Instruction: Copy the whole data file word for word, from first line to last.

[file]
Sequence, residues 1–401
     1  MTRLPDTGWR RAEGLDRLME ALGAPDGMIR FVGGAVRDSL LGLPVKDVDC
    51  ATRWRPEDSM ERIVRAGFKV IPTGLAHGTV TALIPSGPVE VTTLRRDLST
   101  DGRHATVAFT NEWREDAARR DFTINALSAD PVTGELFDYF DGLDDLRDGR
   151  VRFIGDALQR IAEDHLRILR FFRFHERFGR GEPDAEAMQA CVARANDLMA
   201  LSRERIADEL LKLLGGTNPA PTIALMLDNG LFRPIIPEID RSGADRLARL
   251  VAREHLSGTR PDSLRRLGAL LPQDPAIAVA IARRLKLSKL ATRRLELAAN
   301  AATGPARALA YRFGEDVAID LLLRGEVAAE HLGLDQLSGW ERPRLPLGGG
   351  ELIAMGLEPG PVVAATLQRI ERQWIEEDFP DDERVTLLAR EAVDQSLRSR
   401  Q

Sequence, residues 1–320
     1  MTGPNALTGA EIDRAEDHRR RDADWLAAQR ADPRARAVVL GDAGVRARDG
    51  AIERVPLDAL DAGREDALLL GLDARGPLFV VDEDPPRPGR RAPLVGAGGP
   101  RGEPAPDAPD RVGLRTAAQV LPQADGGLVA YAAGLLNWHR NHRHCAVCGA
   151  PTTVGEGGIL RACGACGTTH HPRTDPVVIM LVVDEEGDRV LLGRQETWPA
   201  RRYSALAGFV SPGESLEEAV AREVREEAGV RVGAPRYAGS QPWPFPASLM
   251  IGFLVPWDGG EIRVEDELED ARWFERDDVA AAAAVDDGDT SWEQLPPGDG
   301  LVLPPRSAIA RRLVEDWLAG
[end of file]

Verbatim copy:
Sequence, residues 1–401
     1  MTRLPDTGWR RAEGLDRLME ALGAPDGMIR FVGGAVRDSL LGLPVKDVDC
    51  ATRWRPEDSM ERIVRAGFKV IPTGLAHGTV TALIPSGPVE VTTLRRDLST
   101  DGRHATVAFT NEWREDAARR DFTINALSAD PVTGELFDYF DGLDDLRDGR
   151  VRFIGDALQR IAEDHLRILR FFRFHERFGR GEPDAEAMQA CVARANDLMA
   201  LSRERIADEL LKLLGGTNPA PTIALMLDNG LFRPIIPEID RSGADRLARL
   251  VAREHLSGTR PDSLRRLGAL LPQDPAIAVA IARRLKLSKL ATRRLELAAN
   301  AATGPARALA YRFGEDVAID LLLRGEVAAE HLGLDQLSGW ERPRLPLGGG
   351  ELIAMGLEPG PVVAATLQRI ERQWIEEDFP DDERVTLLAR EAVDQSLRSR
   401  Q

Sequence, residues 1–320
     1  MTGPNALTGA EIDRAEDHRR RDADWLAAQR ADPRARAVVL GDAGVRARDG
    51  AIERVPLDAL DAGREDALLL GLDARGPLFV VDEDPPRPGR RAPLVGAGGP
   101  RGEPAPDAPD RVGLRTAAQV LPQADGGLVA YAAGLLNWHR NHRHCAVCGA
   151  PTTVGEGGIL RACGACGTTH HPRTDPVVIM LVVDEEGDRV LLGRQETWPA
   201  RRYSALAGFV SPGESLEEAV AREVREEAGV RVGAPRYAGS QPWPFPASLM
   251  IGFLVPWDGG EIRVEDELED ARWFERDDVA AAAAVDDGDT SWEQLPPGDG
   301  LVLPPRSAIA RRLVEDWLAG